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Employer Retaliation for Protected Activities

Employer Retaliation for Protected Activities

Workers have certain legally protected rights that employers are required to allow the workers to exercise, even if the employer does not like the fact that the worker is exercising his or her rights. Sometimes when workers exercise these rights, consequences could be adverse to the employer, such as sanctions, fines or litigation against the employer. Regardless, employers are not allowed to take retaliatory action against workers who have simply exercised their state and federally protected rights.

Employee Actions That Are Protected From Employer Retaliation

There are certain actions that employees can take that are specifically protected from employer retaliation under the law. These actions include:

  • Opposing workplace discrimination or discriminatory practices.
  • Filing an employment discrimination complaint and participating in an employment discrimination proceeding.
  • Filing a complaint concerning workplace harassment.
  • Filing a claim concerning a denial of a workplace accommodation.
  • Requesting a workplace accommodation.
  • Whistleblowing activities concerning an employer’s violation of the law, such as environmental violations, ethical violations, or labor violations.
  • Filing a workers’ compensation claim.
  • Taking qualified leave under the Family Medical Leave Act.

When Employers Take Adverse Action Against An Employee

When an employer knows that a worker is participating in a legally protected activity and yet takes an adverse action against the employee as retaliation for engaging in the activity in the first place, it is illegal. Employer adverse actions against an employee can take many forms, some of which can include:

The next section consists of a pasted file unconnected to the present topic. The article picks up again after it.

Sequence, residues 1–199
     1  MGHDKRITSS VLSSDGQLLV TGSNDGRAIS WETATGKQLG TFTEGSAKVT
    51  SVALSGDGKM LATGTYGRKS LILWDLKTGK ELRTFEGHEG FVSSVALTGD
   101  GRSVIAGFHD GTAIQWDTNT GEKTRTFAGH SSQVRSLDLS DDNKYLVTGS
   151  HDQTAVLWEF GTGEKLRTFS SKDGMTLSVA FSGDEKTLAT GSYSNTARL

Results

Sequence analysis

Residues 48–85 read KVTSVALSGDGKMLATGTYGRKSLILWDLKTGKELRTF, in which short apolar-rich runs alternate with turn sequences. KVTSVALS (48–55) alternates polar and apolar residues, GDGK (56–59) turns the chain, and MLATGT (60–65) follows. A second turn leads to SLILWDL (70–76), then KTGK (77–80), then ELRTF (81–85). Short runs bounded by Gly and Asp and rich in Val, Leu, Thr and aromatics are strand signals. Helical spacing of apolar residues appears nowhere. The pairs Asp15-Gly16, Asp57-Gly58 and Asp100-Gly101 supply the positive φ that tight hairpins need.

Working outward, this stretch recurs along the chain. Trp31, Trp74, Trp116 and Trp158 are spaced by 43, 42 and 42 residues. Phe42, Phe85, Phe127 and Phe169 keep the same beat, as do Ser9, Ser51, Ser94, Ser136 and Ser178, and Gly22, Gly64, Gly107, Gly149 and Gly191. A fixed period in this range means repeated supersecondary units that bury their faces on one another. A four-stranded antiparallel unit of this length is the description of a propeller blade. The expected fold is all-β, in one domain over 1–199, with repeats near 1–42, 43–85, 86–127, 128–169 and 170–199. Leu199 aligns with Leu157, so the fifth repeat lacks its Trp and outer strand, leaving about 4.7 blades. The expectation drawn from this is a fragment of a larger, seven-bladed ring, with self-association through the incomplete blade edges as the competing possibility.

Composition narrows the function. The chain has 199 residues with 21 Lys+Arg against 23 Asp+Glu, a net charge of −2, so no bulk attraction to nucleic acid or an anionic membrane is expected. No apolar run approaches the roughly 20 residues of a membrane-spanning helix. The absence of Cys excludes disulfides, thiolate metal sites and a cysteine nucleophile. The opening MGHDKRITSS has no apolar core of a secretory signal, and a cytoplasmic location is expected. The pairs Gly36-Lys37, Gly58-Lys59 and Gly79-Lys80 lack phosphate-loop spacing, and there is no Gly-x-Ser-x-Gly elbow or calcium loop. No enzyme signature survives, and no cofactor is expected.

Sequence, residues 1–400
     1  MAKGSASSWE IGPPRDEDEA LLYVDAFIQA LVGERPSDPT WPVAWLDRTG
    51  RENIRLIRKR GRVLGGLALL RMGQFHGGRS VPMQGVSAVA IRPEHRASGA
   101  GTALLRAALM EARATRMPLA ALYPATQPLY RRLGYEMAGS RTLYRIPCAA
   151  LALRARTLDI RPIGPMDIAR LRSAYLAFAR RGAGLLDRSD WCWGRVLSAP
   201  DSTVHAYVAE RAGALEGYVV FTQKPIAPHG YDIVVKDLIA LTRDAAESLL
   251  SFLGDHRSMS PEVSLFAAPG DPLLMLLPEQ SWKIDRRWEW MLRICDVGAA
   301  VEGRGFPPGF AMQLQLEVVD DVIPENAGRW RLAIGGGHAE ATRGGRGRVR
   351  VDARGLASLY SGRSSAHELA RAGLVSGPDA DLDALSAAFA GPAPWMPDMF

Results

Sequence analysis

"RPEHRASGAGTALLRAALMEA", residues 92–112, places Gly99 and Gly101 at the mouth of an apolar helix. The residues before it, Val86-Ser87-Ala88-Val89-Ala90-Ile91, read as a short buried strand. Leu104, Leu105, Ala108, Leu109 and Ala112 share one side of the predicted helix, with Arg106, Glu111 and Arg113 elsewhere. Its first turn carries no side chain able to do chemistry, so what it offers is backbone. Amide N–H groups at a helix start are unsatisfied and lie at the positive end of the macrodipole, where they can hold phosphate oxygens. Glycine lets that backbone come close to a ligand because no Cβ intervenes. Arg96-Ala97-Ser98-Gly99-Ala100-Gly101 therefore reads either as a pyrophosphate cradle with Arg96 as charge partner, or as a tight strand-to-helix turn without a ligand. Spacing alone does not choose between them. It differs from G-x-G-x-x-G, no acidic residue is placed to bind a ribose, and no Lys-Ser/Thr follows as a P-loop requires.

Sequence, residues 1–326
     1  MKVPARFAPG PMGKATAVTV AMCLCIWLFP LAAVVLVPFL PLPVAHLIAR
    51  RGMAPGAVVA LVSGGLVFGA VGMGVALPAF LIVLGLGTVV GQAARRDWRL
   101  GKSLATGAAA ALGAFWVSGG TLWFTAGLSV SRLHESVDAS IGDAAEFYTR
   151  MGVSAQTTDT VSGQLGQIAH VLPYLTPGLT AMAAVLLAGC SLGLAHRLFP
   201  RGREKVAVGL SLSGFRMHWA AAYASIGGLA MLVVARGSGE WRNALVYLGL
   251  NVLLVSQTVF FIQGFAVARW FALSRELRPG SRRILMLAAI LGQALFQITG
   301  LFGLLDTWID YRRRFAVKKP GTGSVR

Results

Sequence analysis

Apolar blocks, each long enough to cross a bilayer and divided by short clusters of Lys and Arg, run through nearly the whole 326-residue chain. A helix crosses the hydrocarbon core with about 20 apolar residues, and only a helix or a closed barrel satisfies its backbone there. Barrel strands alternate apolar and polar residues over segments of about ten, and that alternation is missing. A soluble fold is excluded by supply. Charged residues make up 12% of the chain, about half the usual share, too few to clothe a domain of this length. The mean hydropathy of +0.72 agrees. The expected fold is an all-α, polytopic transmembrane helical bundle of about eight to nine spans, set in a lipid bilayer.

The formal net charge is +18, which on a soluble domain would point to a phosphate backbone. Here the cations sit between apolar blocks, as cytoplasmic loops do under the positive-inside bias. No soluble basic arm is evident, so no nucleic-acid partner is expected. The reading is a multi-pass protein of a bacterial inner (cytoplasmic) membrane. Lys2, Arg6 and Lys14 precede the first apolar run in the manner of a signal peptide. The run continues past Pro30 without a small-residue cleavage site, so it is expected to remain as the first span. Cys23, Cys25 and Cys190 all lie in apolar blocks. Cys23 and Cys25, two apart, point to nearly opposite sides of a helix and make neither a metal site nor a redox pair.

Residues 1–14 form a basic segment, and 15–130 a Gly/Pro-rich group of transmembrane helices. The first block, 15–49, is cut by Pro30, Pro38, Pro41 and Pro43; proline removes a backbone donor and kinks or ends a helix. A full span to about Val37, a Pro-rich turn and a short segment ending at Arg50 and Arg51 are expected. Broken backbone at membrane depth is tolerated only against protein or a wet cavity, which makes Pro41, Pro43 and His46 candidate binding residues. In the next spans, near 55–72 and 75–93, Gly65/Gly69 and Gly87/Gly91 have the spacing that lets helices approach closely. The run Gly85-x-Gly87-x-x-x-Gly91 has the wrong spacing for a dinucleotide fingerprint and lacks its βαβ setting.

• Denying the employee a promotion.
  • Not hiring the prospective employee.
  • Not selecting the employee for certain job tasks, positions, projects, etc.
  • Denying the employee certain job benefits.
  • Denying the employee accommodations.
  • Denying the employee overtime opportunities.
  • Denying the employee a transfer.
  • Denying the employee a change in work schedule or work location.
  • Termination of the employee.
  • Demoting the employee.
  • Reprimanding the employee.
  • Giving the employee a negative review.
  • Assigning the employee undesirable work, or sending the employee to a dangerous or unfavorable work location.
  • Threatening the employee.
  • Harassing the employee.
  • Suspending the employee.
  • Taking any other adverse action against the employee intended to deter the employee from pursuing the action, or exercising his or her rights.
  • Using the employee as an example in order to deter other workers from exercising their rights.

Proving Retaliation

In order to prove retaliation, a victim employee must demonstrate three elements:

  1. That the employee was engaged in a legally protected activity;
  2. That the employee was retaliated against by his or her employer in some way (i.e., the employee was punished or an adverse action was taken by the employer against the employee); and
  3. That the retaliation was the result of the employee participating in the legally protected activity.

Call Now For A Free Initial Consultation

The Law Office of Mitchell A. Kline has assisted many clients who have suffered retaliation from their employers. If you as an employee engage in a legally protected activity, your employer is prohibited from taking retaliatory action against you. Contact our Chicago, Illinois attorney today for a free consultation regarding your situation.

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